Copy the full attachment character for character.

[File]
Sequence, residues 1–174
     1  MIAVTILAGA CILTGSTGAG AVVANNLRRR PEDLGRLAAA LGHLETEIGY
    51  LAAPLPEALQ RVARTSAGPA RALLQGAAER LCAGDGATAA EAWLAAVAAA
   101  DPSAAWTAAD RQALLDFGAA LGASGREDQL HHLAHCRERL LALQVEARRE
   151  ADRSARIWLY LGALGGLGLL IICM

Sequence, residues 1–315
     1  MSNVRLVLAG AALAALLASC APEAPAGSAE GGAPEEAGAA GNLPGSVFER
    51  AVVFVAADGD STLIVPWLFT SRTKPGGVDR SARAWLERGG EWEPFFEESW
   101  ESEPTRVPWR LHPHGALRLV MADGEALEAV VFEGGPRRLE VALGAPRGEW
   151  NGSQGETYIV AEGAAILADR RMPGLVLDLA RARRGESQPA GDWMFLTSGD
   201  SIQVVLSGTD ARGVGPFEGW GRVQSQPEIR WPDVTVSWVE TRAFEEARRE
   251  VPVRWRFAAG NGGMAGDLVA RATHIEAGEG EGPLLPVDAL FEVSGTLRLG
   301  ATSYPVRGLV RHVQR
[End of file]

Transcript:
Sequence, residues 1–174
     1  MIAVTILAGA CILTGSTGAG AVVANNLRRR PEDLGRLAAA LGHLETEIGY
    51  LAAPLPEALQ RVARTSAGPA RALLQGAAER LCAGDGATAA EAWLAAVAAA
   101  DPSAAWTAAD RQALLDFGAA LGASGREDQL HHLAHCRERL LALQVEARRE
   151  ADRSARIWLY LGALGGLGLL IICM

Sequence, residues 1–315
     1  MSNVRLVLAG AALAALLASC APEAPAGSAE GGAPEEAGAA GNLPGSVFER
    51  AVVFVAADGD STLIVPWLFT SRTKPGGVDR SARAWLERGG EWEPFFEESW
   101  ESEPTRVPWR LHPHGALRLV MADGEALEAV VFEGGPRRLE VALGAPRGEW
   151  NGSQGETYIV AEGAAILADR RMPGLVLDLA RARRGESQPA GDWMFLTSGD
   201  SIQVVLSGTD ARGVGPFEGW GRVQSQPEIR WPDVTVSWVE TRAFEEARRE
   251  VPVRWRFAAG NGGMAGDLVA RATHIEAGEG EGPLLPVDAL FEVSGTLRLG
   301  ATSYPVRGLV RHVQR